The Indiana shoreline that runs along Lake Michigan has a number of excellent ports from which to launch. Hammond, East Chicago, Portage/Burns Harbor along Michigan City all have boat launches and fishing facilities available for anglers to utilize. In addition, they stock Chinook and coho salmon as well as brown trout The state's most popular stocking program is designed for Skamania steelhead in the summer season. Indiana is also the primary supplier for Skamania eggs from the Lake Michigan basin and stocks many of them.
If you're thinking of shore fishing on Lake Michigan from Illinois, it is recommended to locate yourself close to any of the ports run through the Chicago Park District in places such as Belmont, Navy Pier, Montrose, Calumet, Burnham, and DuSable. There is a complete list of accessible harbors and boat launch locations on the Illinois Irish website.
If you intend to go charter fishing for salmon then you should be near North Point Marina, Waukegan Harbor, or the Chicago harbors of Montrose, Belmont, Diversey, Burnham, Calumet, and 31st Street, which all have an active fleet of charter sportfishing boats available for charter.
In the spring beginning around April, the coho fish migrate to the north. This makes for excellent fishing opportunities in Racine as well as Kenosha counties, and occasionally, all the way to Door County. There are numerous access points that connect Kenosha up to Door County, with boat ramps in every Wisconsin coastline county.
Even though Lake Michigan is abundant with salmon across the entire lake, anglers should take a look at the creeks and tributaries that flow out to the west with salmon-rich fishing opportunities. Some of the tributaries to Lake Michigan which is ideal for fishing salmon are ones like the Kewaunee River which flows through Kewaunee, Fischer Creek in Manitowoc, Milwaukee River, and Sheboygan River in Wisconsin, and Port of Manistee and St. Joseph River in Michigan.
3. When to Go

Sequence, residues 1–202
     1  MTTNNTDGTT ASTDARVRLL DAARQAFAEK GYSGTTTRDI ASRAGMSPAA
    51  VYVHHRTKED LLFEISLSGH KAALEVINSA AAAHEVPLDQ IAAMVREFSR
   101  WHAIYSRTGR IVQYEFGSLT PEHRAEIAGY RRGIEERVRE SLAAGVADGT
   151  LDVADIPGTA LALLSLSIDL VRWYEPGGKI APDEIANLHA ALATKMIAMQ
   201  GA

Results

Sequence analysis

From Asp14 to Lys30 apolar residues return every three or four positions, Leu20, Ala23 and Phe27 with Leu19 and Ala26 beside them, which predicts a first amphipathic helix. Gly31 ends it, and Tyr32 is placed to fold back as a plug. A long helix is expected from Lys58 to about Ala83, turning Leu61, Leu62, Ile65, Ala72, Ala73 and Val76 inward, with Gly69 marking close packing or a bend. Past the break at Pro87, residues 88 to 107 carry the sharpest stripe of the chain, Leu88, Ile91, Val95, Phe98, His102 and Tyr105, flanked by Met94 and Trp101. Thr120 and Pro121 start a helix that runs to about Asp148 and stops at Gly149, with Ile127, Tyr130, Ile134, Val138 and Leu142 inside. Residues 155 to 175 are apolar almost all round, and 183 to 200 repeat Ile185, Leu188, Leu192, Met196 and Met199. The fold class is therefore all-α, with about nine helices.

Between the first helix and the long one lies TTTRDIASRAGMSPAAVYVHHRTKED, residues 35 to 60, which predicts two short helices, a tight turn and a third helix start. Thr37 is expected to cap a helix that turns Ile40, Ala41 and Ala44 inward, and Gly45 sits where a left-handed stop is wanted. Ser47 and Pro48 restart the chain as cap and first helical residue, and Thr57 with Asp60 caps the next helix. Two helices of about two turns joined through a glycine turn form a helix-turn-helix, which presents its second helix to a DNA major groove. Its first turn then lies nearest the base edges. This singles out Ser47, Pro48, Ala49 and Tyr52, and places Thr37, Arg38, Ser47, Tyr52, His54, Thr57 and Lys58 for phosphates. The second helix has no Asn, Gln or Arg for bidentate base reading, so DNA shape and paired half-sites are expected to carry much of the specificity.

Spring along with the early autumn is the best time to fish for coho as well as Chinook salmon within Michigan waters. In spring, move towards the southern part of Lake Michigan, where the waters first warm, and bait is abundant. The salmon run in the fall generally begins in August when Coho and Chinook salmon head to the rivers in which they hatch naturally or where and then stocked. The first months of summer, June, and early July are more sluggish but it is not impossible to catch salmon, which are scattered throughout the lake that runs off of the shoreline. Michigan shoreline.
Indiana is the state with the best early-spring fishing of any state. anglers can catch salmon immediately after the ice is gone on shores and boats. Indiana is unique in the sense that the U-shape shape of the coastline allows anglers shelter from all winds than other states with an east-west coastline.
From March to May is the ideal time to fish for salmon in Indiana in which the majority of salmon live in the southern part of the lake because of environmental factors like more shallow, warmer water. Coho salmon are spotted in March and the fishing action is generally steady until May. Chinook salmon usually appear in the latter part of April and are caught in large numbers throughout May. Indiana is the sole state to have huge amounts of the summer-run Skamania steelhead, which is why the months of June and August are the best time to catch the fish, as they are returning to Indiana streams.